“Building trust is such a common phrase…. What is the difference?”
Dr. Yael: The difference between the phrases ‘building trust’ and ‘earning trust’ is crucial in the process of healing after infidelity. I realized after reading Rachel Botsman’s article that when we say ‘building trust,’ it implies that trust should automatically exist, almost as if it’s a given right after a breach of trust. Potentially, this can put pressure on the hurt partner to trust again without acknowledging the necessary effort from the unfaithful partner.
‘Earning trust,’ on the other hand, highlights the active and ongoing effort the unfaithful partner needs to put into regaining it. It acknowledges that trust isn’t an assumed right but something that needs to be diligently worked for by the person who broke it.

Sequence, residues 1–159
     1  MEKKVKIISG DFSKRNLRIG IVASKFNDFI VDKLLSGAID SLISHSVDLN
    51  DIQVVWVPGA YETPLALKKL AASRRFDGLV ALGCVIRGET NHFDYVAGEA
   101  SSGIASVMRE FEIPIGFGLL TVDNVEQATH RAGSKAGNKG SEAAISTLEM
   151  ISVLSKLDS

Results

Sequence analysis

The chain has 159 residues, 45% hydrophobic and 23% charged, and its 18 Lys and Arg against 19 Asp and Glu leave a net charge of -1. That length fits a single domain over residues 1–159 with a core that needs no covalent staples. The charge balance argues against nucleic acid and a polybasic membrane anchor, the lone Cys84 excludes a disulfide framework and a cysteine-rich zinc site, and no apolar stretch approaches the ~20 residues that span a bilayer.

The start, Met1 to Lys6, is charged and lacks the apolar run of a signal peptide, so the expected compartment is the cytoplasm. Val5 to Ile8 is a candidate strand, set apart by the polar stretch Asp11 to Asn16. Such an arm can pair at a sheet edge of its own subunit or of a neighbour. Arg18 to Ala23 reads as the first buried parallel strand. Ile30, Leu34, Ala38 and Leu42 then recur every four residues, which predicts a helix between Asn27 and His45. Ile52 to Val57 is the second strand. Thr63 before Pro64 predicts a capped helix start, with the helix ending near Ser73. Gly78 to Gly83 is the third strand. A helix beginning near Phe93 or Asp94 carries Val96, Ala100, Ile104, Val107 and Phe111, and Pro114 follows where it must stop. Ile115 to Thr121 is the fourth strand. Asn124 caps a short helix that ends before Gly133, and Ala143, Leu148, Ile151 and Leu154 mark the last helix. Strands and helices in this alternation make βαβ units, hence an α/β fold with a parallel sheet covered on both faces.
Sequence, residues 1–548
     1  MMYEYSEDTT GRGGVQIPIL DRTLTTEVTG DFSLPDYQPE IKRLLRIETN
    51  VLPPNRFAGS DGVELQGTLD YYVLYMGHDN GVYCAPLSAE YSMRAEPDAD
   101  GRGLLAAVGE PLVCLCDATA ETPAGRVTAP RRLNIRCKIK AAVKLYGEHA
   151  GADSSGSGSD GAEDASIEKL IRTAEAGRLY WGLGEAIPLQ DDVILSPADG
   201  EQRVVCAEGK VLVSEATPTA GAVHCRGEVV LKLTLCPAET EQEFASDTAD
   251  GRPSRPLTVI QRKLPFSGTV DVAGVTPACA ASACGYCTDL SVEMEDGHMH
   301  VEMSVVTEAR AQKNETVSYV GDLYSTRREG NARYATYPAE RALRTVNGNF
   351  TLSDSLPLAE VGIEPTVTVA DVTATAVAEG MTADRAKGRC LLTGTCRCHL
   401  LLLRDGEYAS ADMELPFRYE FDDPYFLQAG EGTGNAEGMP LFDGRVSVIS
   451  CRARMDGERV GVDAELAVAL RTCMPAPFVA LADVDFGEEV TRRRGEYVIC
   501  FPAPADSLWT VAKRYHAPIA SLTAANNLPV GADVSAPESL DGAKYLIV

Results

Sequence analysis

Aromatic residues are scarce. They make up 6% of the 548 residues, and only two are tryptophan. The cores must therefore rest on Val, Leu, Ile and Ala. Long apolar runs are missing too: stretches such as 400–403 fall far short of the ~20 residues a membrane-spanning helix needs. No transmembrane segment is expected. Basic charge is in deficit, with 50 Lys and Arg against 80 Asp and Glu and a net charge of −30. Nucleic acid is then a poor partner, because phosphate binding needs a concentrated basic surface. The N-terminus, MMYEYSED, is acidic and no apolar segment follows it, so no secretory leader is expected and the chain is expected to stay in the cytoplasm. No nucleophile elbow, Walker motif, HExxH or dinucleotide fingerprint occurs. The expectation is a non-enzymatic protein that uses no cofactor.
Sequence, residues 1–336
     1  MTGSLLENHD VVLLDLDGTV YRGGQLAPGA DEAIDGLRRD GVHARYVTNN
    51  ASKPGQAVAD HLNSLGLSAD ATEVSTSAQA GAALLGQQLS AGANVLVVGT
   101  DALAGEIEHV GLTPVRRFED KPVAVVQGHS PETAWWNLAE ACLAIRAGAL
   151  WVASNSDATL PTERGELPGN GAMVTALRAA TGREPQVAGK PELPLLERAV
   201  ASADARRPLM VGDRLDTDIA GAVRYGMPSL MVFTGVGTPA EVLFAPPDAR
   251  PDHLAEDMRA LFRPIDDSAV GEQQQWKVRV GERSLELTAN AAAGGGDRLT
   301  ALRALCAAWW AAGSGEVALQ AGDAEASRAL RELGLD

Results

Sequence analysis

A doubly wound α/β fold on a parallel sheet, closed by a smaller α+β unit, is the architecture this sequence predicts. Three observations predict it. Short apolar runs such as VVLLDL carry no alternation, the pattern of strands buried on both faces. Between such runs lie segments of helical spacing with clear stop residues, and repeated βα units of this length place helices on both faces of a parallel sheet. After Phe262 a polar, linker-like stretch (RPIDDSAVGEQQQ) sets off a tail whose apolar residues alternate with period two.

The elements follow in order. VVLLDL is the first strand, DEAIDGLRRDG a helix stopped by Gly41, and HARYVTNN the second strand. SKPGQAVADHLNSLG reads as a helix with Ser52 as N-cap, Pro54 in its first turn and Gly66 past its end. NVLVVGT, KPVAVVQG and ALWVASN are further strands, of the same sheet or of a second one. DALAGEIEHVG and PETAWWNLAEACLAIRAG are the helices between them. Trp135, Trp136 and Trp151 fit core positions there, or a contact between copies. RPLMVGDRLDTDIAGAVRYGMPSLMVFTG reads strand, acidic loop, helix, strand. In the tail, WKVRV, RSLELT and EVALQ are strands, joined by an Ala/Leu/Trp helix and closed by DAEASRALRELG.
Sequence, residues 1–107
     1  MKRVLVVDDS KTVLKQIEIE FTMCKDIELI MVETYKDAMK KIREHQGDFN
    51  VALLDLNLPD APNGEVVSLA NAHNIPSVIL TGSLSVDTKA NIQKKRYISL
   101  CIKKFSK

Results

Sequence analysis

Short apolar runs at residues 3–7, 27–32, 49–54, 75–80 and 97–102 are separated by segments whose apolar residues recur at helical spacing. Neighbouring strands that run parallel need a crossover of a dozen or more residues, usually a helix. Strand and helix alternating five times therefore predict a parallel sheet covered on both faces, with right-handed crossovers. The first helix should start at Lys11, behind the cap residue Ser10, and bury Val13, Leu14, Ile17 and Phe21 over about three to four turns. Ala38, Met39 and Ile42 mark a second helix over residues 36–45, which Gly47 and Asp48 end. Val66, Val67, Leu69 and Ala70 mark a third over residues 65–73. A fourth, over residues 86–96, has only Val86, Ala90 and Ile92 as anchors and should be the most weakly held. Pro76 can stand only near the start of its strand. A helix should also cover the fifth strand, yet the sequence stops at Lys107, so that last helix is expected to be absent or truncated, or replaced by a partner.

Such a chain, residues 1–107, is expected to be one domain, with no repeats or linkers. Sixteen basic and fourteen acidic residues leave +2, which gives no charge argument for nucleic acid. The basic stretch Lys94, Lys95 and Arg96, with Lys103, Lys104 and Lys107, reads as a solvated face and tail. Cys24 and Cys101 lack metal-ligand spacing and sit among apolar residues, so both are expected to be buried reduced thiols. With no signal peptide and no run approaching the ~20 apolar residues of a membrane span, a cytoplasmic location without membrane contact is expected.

I believe that this shift in language sets more realistic expectations in the healing process, emphasizing the responsibility of the unfaithful partner to invest time and effort into re-establishing trust.
Exploring the Roles of Giver Vs. Receiver
For my part, I thought it would be interesting to highlight the difference between the two people connected in this trust journey: the Giver and the Receiver. Botsman explains it this way:
“To understand why trust and power are so intrinsically linked, it’s crucial to be aware of two key roles in any trust dynamic:
- Trust Giver: The individual deciding whether to trust someone or not.
- Trust Receiver: The individual who wants or needs another person’s trust.
Translated into the language of infidelity, we see the hurt partner/betrayed (HP) as the Giver and the unfaithful partner/betrayer (UP) as the Receiver.